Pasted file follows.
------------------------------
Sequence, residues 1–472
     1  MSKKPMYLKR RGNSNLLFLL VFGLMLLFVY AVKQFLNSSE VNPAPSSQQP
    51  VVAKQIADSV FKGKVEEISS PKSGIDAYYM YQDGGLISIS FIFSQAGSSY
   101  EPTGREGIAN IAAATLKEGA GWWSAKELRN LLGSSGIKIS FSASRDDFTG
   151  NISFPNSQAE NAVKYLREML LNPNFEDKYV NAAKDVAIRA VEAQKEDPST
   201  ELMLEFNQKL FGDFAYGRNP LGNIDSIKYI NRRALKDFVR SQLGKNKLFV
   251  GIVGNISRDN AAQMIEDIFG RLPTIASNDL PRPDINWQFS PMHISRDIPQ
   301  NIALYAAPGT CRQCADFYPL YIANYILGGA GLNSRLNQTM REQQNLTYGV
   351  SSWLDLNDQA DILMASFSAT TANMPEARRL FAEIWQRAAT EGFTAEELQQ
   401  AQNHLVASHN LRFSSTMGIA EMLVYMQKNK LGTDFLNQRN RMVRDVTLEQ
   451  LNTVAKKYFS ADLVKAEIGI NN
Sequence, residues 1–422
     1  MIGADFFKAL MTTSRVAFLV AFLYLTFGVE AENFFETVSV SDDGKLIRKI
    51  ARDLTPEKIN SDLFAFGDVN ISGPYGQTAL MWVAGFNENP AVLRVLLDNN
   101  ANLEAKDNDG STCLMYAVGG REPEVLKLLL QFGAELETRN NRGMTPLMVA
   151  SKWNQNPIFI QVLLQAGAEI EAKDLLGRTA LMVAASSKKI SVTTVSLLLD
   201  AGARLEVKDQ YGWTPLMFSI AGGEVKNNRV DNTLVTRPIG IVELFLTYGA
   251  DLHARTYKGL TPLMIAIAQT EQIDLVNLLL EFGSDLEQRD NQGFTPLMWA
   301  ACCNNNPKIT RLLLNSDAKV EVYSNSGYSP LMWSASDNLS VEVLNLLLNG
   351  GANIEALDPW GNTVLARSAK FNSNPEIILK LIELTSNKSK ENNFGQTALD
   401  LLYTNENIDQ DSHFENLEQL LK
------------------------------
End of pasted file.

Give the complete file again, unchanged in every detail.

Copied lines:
Sequence, residues 1–472
     1  MSKKPMYLKR RGNSNLLFLL VFGLMLLFVY AVKQFLNSSE VNPAPSSQQP
    51  VVAKQIADSV FKGKVEEISS PKSGIDAYYM YQDGGLISIS FIFSQAGSSY
   101  EPTGREGIAN IAAATLKEGA GWWSAKELRN LLGSSGIKIS FSASRDDFTG
   151  NISFPNSQAE NAVKYLREML LNPNFEDKYV NAAKDVAIRA VEAQKEDPST
   201  ELMLEFNQKL FGDFAYGRNP LGNIDSIKYI NRRALKDFVR SQLGKNKLFV
   251  GIVGNISRDN AAQMIEDIFG RLPTIASNDL PRPDINWQFS PMHISRDIPQ
   301  NIALYAAPGT CRQCADFYPL YIANYILGGA GLNSRLNQTM REQQNLTYGV
   351  SSWLDLNDQA DILMASFSAT TANMPEARRL FAEIWQRAAT EGFTAEELQQ
   401  AQNHLVASHN LRFSSTMGIA EMLVYMQKNK LGTDFLNQRN RMVRDVTLEQ
   451  LNTVAKKYFS ADLVKAEIGI NN
Sequence, residues 1–422
     1  MIGADFFKAL MTTSRVAFLV AFLYLTFGVE AENFFETVSV SDDGKLIRKI
    51  ARDLTPEKIN SDLFAFGDVN ISGPYGQTAL MWVAGFNENP AVLRVLLDNN
   101  ANLEAKDNDG STCLMYAVGG REPEVLKLLL QFGAELETRN NRGMTPLMVA
   151  SKWNQNPIFI QVLLQAGAEI EAKDLLGRTA LMVAASSKKI SVTTVSLLLD
   201  AGARLEVKDQ YGWTPLMFSI AGGEVKNNRV DNTLVTRPIG IVELFLTYGA
   251  DLHARTYKGL TPLMIAIAQT EQIDLVNLLL EFGSDLEQRD NQGFTPLMWA
   301  ACCNNNPKIT RLLLNSDAKV EVYSNSGYSP LMWSASDNLS VEVLNLLLNG
   351  GANIEALDPW GNTVLARSAK FNSNPEIILK LIELTSNKSK ENNFGQTALD
   401  LLYTNENIDQ DSHFENLEQL LK